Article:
So is testing. In order to fly internationally, at this writing you must have a negative PCR Covid-19 test—within a specified time frame—in order to board. (72 hours before departure seems most common, but this varies and is subject to change.) You must also have another negative test (also with a time limit) to get back into the U.S.

These are things you must think about and plan for, and, although nobody likes to hear this, you must be a bit flexible. In February, Donna and I had a trip planned to Uganda, rescheduled from last year, and we were looking forward to a great buffalo hunt. We watched the Super Bowl at a neighbor’s house, just four people in a large room, no raucous gathering, everybody healthy. Out of the blue, one of them came down with COVID. Suddenly, we weren’t going to Uganda. It’s irresponsible to travel if you know you’ve been exposed. You don’t want to pass it along but, even if you prefer to be completely selfish, do you want to be ill in a foreign country, and have to quarantine there in order to get home?

These are practical concerns. We did get tested, remained negative, and rescheduled our trip for mid-March. So, hopefully, while you’re reading this, we’ll be stalking buffalo on a hot, sunny day in Karamoja. But we have to run the viral gauntlet once more. The airlines are good about rescheduling, but these days one shouldn’t even think about non-refundable or non-changeable tickets. The virus is still out there, and there’s no guarantee a test will come back negative. Also, the time-date-stamped test results are unarguable. Time required to get test results varies with area; it’s essential to do your homework and get tested so that you can get the results back before your flight but, as with the test itself, there’s no guarantee. Be flexible!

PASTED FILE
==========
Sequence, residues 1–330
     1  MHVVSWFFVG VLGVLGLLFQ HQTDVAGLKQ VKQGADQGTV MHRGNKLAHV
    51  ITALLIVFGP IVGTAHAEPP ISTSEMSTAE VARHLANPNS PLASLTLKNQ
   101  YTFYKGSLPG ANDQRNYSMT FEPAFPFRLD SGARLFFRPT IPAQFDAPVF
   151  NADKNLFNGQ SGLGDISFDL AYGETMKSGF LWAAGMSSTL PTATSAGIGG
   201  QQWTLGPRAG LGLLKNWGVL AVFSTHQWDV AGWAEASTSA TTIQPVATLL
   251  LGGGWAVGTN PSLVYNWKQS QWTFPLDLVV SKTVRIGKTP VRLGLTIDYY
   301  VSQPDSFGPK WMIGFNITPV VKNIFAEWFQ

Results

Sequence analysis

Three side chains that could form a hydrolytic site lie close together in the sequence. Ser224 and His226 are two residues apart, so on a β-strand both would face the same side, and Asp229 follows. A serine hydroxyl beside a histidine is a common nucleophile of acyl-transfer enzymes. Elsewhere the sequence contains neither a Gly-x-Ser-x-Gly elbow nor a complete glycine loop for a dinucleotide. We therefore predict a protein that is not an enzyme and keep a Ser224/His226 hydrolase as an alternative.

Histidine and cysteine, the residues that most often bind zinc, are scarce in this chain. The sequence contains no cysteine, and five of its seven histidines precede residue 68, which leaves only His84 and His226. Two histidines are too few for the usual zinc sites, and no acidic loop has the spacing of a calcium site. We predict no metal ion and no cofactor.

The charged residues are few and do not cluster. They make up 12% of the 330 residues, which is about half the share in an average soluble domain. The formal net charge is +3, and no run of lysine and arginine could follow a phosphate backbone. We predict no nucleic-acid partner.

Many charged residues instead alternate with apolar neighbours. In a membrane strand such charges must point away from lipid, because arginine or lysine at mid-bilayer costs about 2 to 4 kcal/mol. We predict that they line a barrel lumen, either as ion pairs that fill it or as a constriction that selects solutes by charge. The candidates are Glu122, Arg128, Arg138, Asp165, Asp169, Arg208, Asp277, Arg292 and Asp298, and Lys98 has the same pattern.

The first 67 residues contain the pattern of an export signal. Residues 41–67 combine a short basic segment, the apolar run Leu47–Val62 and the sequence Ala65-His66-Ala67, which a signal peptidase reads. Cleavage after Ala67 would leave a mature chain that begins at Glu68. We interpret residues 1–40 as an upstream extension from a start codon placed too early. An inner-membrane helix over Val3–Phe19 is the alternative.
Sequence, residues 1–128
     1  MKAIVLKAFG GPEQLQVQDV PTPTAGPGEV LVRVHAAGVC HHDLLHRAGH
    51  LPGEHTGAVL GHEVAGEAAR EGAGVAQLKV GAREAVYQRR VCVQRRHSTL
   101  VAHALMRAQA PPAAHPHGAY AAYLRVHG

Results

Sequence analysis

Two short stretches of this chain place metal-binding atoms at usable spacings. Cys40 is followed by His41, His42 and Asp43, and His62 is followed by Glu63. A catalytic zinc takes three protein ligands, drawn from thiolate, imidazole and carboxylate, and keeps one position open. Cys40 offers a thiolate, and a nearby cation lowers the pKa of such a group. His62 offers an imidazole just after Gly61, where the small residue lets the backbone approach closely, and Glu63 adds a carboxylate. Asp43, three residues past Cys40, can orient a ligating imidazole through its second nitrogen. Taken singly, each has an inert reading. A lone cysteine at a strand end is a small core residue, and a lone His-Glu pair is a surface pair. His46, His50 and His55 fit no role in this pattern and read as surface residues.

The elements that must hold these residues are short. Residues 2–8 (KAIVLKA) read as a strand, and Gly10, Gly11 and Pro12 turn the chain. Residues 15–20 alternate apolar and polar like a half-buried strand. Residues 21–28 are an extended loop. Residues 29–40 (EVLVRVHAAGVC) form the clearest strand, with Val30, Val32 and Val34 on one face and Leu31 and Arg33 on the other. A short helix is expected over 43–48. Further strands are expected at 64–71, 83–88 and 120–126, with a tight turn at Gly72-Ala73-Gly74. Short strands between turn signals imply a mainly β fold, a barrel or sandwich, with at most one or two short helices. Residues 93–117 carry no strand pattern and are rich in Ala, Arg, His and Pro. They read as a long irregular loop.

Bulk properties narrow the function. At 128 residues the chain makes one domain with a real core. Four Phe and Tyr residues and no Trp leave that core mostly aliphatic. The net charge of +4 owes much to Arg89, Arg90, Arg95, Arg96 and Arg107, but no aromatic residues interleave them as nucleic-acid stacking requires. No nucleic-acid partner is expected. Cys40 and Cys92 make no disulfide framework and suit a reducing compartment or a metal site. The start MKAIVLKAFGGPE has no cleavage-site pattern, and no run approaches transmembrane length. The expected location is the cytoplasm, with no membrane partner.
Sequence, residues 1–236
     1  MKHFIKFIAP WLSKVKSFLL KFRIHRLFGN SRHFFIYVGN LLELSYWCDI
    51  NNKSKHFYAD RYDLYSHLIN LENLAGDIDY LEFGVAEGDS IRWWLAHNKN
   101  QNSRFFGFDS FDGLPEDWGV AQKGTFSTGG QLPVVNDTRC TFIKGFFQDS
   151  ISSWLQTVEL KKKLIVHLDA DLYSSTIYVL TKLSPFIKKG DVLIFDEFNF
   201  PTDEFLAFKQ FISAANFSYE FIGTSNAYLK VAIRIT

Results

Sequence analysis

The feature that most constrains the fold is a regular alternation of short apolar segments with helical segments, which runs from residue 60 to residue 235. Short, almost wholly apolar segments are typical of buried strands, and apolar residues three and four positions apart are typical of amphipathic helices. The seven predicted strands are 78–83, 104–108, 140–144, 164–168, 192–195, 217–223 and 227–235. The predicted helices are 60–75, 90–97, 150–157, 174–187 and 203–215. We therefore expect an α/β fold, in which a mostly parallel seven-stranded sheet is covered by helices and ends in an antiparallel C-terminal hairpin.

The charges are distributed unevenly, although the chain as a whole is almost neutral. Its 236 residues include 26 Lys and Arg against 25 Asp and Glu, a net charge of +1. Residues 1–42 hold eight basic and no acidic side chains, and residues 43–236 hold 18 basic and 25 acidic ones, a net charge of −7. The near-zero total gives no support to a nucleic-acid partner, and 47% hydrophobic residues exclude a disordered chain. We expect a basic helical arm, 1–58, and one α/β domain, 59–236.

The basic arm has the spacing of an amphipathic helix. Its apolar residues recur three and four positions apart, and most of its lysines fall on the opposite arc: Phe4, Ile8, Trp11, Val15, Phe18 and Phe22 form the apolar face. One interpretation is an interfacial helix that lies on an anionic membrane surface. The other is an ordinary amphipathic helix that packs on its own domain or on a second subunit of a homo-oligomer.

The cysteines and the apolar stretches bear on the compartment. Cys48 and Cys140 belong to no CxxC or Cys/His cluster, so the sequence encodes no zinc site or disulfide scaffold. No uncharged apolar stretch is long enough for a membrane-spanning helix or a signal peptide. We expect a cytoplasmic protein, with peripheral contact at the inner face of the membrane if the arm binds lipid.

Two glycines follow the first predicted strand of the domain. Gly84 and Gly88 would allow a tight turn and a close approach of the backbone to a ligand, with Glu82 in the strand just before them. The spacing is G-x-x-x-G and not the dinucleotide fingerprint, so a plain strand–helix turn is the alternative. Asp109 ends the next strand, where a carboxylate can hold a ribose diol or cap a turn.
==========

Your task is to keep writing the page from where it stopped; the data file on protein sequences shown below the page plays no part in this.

Same thing on the other end: You must be sure you can get tested and get results before you head home. This is just one more logistical challenge hard-pressed outfitters must solve, and they are. After a terrible 2020, operators able to resume are fully aware of this requirement and figuring out the best and surest ways. Just ask the questions before you go, and be certain of the answers.

Travel routing has also changed, and will continue to change. I’m writing in late February, still early in the game. South Africa officially opened to travel on October 1, 2020. In southern Africa, Botswana, Mozambique, Namibia, Zambia, and Zimbabwe are also open. This is great news. However, at this writing, U.S. citizens are still not allowed to travel in or through various European countries. Flights and potential routes are thus much more restrictive! In this infancy of reopening, flights through the Middle East have been popular, and our routing to Uganda is Turkish Air through Istanbul (a great airline for travel with firearms).

From a practical business standpoint, airlines must view travel restrictions as opportunities (as well as barriers). They are working aggressively to open new routes, but this takes time. As the year unfolds, there will be more direct flights into Windhoek, and I just learned that Air Ethiopia (another fine carrier) is opening a direct flight from Addis Ababa to Beira in Mozambique. For safari travel, I have always recommended using an experienced gun-savvy travel agent. In these times of COVID, with things evolving quickly, this is even more important.

If you lost a safari last year, don’t give up. Things are improving, and as the vaccine(s) become more widespread, the curve should accelerate. Whether we make it to Uganda this month depends on the vagaries of a tiny little virus, but, for sure, I won’t go through 2021 without getting my “Africa fix.” This will be a great safari season!

A nice lion, taken in Masailand in 1988 while tracking buffalo. Tanzania is currently open to hunting and tourism.